‘I know for certain that my time will not be long [...] I am happy, and I think full of an energy, of an energy I had despaired of. It seems to me that I have found what I wanted. When I try to put all into a phrase I say, “Man can embody truth but he cannot know it.” I must embody it in the completion of my life. The abstract is not life and everywhere draws out its contradictions. You can refute Hegel but not the Saint or the Song of Sixpence.’ (Letter to Lady Elizabeth Pelham, 4 January 1939; in Letters, ed. Allan Wade, London Rupert-Hart Davis 1954, p.922; InteLex 7632.)

For Yeats, the playwrights of Catholic Ireland were ‘dominated by their subject’ while those of Anglo-Irish background ‘stand above their subject and play with it.’ (The Letters of W. B. Yeats, ed. Wade, London: Hart-Davis 1954, p.464; cited in Thomas Kilroy, ‘A Generation of Playwrights’, in Irish University Review, Spring 1992, p.135.)

Superman: ‘I don’t know how to thank you too much for the three volumes of Nietzsche. I had never read him before, but find that I had come to the same conclusions on several cardinal matters. He is exaggerated and violent but has helped me very greatly to build up in my mind an imagination of the heroic life.’ (Letter to John Quinn, 6 Feb. [1903], Coll: Foster-Murphy. Quoted in William Michael Murphy, Prodigal Father: The Life of John Butler Yeats (1839-1922) (Cornell UP 1978), Notes to pp.264-266; p.596.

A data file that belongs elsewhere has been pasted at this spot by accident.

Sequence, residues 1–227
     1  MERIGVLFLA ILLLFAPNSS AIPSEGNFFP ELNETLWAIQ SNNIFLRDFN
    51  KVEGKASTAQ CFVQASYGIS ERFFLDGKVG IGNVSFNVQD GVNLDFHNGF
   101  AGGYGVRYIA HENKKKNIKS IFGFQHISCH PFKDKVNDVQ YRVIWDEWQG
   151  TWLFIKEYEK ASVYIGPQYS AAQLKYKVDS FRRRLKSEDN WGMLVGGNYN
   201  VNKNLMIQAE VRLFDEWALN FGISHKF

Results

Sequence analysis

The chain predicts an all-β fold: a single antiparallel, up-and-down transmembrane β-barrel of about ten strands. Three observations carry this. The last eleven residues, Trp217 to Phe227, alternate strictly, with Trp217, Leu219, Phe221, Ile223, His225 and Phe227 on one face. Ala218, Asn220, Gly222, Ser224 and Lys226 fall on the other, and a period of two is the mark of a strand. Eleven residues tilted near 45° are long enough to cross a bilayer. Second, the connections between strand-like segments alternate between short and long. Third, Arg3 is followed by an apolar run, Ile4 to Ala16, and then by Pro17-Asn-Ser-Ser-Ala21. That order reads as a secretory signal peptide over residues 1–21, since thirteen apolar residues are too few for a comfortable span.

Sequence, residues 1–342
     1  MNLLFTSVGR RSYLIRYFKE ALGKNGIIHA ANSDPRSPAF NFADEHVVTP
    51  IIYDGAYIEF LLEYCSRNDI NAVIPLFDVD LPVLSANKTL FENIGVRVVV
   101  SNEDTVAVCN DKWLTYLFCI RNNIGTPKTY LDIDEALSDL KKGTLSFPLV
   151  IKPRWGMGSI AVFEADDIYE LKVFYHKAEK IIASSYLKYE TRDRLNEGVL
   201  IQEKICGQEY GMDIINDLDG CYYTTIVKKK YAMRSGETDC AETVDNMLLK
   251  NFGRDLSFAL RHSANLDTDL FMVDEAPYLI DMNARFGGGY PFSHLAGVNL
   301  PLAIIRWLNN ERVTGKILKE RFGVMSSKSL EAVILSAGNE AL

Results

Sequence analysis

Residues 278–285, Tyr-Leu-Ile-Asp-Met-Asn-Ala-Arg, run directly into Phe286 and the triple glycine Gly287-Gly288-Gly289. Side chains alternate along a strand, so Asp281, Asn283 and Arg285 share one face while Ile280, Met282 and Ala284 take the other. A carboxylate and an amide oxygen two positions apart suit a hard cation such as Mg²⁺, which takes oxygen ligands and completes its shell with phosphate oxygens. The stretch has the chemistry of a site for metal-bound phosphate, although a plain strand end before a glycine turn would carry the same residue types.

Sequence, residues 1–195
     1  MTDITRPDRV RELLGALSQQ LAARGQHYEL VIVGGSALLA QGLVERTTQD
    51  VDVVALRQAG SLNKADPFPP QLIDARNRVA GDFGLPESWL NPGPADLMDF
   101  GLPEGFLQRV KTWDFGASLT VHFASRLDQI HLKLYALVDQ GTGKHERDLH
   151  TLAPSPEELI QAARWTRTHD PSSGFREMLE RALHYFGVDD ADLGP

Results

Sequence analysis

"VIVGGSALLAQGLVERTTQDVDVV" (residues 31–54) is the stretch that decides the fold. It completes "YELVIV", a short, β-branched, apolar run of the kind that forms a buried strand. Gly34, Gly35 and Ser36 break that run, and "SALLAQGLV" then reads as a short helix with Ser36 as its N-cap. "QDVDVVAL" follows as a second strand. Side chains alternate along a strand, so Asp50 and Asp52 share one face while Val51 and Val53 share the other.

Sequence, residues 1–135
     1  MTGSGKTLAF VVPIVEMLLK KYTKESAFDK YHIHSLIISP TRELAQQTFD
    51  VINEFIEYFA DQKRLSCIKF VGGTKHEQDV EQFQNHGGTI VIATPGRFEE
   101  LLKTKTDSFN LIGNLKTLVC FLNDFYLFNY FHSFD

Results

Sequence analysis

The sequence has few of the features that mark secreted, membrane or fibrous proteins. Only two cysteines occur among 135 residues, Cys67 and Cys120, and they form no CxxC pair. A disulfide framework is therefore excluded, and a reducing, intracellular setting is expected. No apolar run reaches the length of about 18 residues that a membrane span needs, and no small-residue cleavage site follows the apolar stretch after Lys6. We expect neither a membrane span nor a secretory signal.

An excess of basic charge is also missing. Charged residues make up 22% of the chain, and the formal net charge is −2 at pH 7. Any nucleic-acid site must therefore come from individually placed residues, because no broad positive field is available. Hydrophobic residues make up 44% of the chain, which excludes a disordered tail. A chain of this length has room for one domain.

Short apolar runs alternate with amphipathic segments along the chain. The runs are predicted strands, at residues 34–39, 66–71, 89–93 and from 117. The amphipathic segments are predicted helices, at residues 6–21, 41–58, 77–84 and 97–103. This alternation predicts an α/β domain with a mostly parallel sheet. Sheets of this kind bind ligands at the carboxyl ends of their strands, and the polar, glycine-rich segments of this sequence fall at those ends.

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The Celtic Twilight (1893; 2nd edn., revised & enl. 1902; reiss. 1924, with notes).

Contents [pp.ix-x]
Introductory poems [‘Time drops in decay ...” [vi]; ‘The host is riding from Knocknarea ...’ (“The Hosting of the Sidhe”) [vii]; This Book [1]; A Teller of Tales [4]; Belief and Unbelief [8]; Mortal Help [12]; A Visionary [15]; Village Ghosts [23]; “Dust Hath Closed Helen’s Eye” [35]; A Knight of the Sheep [50]; An Enduring Heart [56]; The Sorcerers [61]; The Devil [69]; Happy and Unhappy Theologians [71]; The Last Gleeman [79]; Regina, Regina Pigmeorum, Veni [79]; “And Fair, Fierce Women” [97]; Enchanted Woods [101]; Miraculous Creatures [109]; Aristotle of the Books [112]; The Swine of the Gods [113]; A Voice [115]; Kidnappers [117]; The Untiring Ones [130]; Earth, Fire and Water [135]; The Old Town [137]; The Man and His Boots [141]; A Coward [143]; The Three O’Byrnes and the Evil Faeries [145]; Drumcliff and Rosses [148]; The Thick Skull of the Fortunate [160]; The Religion of the Sailor [163]; Concerning the Nearness Together of Heaven, Earth, and Purgatory [165]; The Eaters of Precious Stones [167]; Our Lady of the Hills [169]; The Golden Age [173]; A Remonstrance with Scotsmen for Having Soured the Disposition of Their Ghosts and Faeries [176]; War [183]; The Queen and The Fool [186]; The Friends of the People of Faery [195]; Dreams That Have No Moral [208]; By The Roadside [231]; “Into the Twilight” [poem, 235].
Note: above links to full-text version in RICORSO Library > “Irish Classics” > Yeats - index; see also shorter quotations - infra.